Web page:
3 Lessons From History on How the Church Can Turn Back the Threat of ISIS

Islamic State supporters
A resident of Tabqa city waves an Islamist flag in celebration after Islamic State militants took over Tabqa air base, in nearby Raqqa city Sunday. (Reuters/Stringer)

"We have never seen anything like it, and we must be ready for anything," were the words of Secretary of Defense Chuck Hagel in discussing the threat of the jihadist ISIS movement with an obvious note of concern in his voice. Military and intelligence officials obviously are taking very serious the threat of ISIS to bring its horrific brand of terror to America and fly its flag over the White House. Could it happen?

We must remember that this battle will not be won ultimately with jet fighters and tanks because, at its core, this is an ideological war for truth. This is why a strong and vibrant Christianity that can wage spiritual warfare is absolutely necessary. This is why we must pray for another Great Awakening in our land. This is why we also must learn from history, from those who have preceded us.

There is an example from the early history of the church that has amazing parallels to our nation and its current situation with radical Islam. Like America, this area saw great moves of God and became the bastion of Christianity from the second through the sixth centuries. The light of the Gospel shined brightly and there emerged some of the greatest leaders and thinkers the church has known.

Yet, because of certain trends that weakened and watered down the faith of the Christians of this area, it fell to Islam in the seventh century and is still under Islamic control today.

In this article, I share three important lessons from this period; three things we must avoid in order to not repeat the mistakes of the North African Church and suffer a similar fate.

The Power and Prominence of the North African Church

Beginning in the first century, perhaps with the Ethiopian official whom Philip led to Christ (Acts 8:26-40), Christianity spread rapidly across North Africa. Paganism and false religions fell like dominoes as the message of Christ swept across the continent. Tertullian (160-220), the famous North African church father and apologist, wrote to a pagan official: "We are but of yesterday, and yet we have filled all the places that belong to you—cities, islands, forts, towns, exchanges; the very military camps themselves, tribes, town councils, the palace, the senate, the market-place; we have left you nothing but your temples."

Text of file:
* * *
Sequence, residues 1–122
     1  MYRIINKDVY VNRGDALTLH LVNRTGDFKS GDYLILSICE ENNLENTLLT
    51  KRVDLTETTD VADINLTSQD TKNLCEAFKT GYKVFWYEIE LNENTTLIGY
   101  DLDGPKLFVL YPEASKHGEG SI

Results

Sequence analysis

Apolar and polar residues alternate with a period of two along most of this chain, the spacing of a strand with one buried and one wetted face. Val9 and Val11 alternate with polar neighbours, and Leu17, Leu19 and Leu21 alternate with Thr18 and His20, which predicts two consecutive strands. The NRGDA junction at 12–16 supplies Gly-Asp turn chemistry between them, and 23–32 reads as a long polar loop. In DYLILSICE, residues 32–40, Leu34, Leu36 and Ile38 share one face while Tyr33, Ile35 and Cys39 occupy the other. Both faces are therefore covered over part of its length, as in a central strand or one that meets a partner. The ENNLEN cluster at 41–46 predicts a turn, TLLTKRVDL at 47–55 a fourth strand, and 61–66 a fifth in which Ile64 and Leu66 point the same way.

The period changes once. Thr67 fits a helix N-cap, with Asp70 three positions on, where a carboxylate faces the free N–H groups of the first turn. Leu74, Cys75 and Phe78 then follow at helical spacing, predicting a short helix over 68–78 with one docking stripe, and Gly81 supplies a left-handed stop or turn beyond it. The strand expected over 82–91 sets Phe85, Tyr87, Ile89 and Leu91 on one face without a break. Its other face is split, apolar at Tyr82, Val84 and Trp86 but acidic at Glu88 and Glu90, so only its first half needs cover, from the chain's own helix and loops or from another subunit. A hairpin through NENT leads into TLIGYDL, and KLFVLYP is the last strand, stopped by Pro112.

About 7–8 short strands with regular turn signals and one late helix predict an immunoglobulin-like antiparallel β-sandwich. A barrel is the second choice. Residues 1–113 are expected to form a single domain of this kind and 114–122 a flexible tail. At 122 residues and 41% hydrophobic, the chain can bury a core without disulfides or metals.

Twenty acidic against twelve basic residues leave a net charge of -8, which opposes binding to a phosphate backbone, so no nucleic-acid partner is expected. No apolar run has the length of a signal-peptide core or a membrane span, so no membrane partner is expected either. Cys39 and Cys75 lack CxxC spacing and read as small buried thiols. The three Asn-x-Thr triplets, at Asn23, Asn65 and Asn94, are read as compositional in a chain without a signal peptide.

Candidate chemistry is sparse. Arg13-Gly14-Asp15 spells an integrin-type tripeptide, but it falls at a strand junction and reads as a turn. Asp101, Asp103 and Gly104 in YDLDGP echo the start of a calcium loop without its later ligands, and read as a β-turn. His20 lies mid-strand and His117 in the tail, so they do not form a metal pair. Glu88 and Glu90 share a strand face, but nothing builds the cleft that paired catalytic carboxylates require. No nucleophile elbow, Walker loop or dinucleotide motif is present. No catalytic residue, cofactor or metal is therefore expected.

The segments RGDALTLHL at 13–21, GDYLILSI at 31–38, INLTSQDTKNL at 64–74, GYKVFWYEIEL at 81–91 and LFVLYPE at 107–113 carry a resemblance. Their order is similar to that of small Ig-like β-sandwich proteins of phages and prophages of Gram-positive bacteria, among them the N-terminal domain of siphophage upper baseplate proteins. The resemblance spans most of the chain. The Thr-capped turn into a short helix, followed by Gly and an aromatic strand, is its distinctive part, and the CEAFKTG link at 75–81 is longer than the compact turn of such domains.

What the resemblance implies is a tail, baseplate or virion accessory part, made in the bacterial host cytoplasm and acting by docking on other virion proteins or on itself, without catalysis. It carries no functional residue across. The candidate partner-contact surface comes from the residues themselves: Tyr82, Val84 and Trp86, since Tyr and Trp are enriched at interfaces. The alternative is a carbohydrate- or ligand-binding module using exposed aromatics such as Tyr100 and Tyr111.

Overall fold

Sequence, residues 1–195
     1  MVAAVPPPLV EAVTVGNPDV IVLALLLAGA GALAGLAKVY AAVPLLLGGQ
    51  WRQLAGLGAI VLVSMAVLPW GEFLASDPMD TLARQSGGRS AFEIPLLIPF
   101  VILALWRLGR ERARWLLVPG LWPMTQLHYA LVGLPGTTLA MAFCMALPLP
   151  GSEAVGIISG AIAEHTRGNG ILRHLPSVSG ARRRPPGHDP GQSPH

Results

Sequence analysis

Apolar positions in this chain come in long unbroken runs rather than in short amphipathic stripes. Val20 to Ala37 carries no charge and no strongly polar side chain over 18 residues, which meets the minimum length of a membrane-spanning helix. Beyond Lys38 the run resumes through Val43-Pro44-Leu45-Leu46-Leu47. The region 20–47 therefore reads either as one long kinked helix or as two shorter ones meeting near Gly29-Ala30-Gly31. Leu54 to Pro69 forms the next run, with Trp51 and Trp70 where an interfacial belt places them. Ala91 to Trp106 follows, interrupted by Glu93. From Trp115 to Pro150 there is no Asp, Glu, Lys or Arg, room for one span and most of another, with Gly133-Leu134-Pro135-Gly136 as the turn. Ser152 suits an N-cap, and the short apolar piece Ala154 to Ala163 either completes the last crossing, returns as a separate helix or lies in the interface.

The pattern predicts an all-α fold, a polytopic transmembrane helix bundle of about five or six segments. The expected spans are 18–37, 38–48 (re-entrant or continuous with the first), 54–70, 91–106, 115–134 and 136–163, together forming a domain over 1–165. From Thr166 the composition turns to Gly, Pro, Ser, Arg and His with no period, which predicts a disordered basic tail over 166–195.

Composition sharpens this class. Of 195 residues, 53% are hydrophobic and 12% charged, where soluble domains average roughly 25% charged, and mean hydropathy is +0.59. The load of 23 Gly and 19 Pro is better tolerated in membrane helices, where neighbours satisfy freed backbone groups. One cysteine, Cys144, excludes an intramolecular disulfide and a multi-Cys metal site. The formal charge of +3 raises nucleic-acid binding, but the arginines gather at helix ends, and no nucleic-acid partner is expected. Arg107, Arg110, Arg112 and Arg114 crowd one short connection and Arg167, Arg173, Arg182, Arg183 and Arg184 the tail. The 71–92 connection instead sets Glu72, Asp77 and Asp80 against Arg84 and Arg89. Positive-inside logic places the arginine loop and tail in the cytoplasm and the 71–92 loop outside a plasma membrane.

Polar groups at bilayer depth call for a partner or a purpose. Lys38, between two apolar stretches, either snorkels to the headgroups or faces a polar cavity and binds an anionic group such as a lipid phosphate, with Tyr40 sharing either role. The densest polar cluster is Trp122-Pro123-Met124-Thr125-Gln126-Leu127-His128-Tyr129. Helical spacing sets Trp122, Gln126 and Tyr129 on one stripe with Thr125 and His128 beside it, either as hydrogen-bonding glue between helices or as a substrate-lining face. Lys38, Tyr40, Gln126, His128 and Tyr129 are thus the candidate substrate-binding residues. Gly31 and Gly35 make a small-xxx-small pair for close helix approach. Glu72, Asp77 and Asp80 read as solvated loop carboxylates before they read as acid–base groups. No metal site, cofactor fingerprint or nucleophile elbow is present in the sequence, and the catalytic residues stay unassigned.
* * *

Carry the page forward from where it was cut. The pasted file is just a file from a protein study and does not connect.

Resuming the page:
Along with Tertullian, unusually gifted Christian leaders, such as Cyprian and Augustine, emerged in North Africa. They formulated theologies that are still the basis for much of the thinking in both Catholicism and Protestantism.

The North African church gained such prominence that it was appealed to for advice by churches of other nations and regions. On one occasion, the North African Church even rebuked a Roman bishop, Zosimus, for his acceptance of Pelagian teachers and teaching. The influence of the North African Church is shown in that the Roman bishop, after receiving their letter, carefully began to back away from his support of Pelagius. He eventually reversed his position and adopted the position of the North African Church.

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